The fourth in my mini-series on illustrators of the past features Harry Rountree. Rountree came to London from New Zealand in 1901. He was 23 years old and determined to make his mark on the then-flourishing magazine and book market. He didn't. For two years he struggled, studied and sold the occasional spot drawing. It wasn't until the editor of Little Folks magazine gave him a commission to illustrate a story with an animal that he found his calling. Suddenly he could do no wrong. By 1903 he was illustrating books for the editor of Little Folks, writing and illustrating his own books, and in demand by nearly every publisher in London.
From 1903 to 1942, Rountree's pens and brushes gave life to every species from dormice to dinosaurs. His 1908 Alice in Wonderland, with 90+ color plates, is considered to be both his masterpiece and one of the definitive versions of the Carroll classic.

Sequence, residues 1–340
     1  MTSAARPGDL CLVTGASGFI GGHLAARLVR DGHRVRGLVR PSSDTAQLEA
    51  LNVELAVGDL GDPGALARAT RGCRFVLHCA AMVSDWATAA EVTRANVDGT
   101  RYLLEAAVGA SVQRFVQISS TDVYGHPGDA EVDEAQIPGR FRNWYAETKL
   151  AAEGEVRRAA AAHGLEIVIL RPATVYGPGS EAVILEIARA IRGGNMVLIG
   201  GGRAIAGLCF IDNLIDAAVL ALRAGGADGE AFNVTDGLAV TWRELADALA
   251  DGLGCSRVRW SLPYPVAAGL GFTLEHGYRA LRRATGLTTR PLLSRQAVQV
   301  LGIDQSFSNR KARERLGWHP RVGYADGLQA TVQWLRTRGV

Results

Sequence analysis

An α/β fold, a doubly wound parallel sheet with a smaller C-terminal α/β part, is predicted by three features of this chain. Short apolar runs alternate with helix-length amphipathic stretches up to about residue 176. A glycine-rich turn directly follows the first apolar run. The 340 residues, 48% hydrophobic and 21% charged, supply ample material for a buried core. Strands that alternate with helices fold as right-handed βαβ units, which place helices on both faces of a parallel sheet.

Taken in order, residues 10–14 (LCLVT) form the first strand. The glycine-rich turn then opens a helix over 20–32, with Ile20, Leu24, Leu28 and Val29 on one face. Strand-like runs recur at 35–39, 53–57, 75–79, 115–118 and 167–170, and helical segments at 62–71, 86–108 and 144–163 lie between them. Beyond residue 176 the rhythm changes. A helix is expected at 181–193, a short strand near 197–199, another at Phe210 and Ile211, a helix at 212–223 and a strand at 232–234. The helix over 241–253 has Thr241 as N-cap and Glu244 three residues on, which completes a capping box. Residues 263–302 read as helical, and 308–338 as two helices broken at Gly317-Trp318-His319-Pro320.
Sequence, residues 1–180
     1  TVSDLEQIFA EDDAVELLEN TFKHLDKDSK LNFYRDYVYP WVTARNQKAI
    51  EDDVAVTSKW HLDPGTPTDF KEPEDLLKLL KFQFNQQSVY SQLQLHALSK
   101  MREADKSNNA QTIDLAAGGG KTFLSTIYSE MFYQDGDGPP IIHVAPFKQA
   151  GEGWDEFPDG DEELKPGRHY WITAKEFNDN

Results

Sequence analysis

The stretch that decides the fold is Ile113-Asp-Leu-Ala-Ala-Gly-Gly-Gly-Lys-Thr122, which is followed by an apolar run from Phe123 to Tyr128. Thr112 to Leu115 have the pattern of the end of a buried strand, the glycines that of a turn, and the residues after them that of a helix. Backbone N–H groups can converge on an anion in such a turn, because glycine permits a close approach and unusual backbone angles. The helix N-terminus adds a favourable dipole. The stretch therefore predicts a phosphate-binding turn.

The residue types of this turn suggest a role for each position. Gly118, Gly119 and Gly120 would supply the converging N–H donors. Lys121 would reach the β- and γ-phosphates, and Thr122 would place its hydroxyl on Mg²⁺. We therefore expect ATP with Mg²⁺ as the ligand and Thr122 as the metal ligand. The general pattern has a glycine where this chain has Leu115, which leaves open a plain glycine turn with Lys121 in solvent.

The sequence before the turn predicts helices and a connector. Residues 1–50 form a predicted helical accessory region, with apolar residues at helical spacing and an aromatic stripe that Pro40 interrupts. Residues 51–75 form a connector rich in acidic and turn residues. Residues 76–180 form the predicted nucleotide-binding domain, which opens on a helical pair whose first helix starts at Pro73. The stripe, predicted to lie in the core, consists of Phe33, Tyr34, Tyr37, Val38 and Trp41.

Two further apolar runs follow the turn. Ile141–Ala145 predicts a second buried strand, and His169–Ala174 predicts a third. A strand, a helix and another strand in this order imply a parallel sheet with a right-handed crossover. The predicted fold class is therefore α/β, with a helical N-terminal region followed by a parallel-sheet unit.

Active through most of his career in magazines, especially those for children, Rountree created thousands of illustrations of an uncompromising quality. Even his little marginal vignettes were often priceless. Some titles that featured his work: Punch, The Strand, Cassell's, Pearson's, The Sketch, The Illustrated London News, Playtime, Little Folks, and many others. Rountree died in 1950.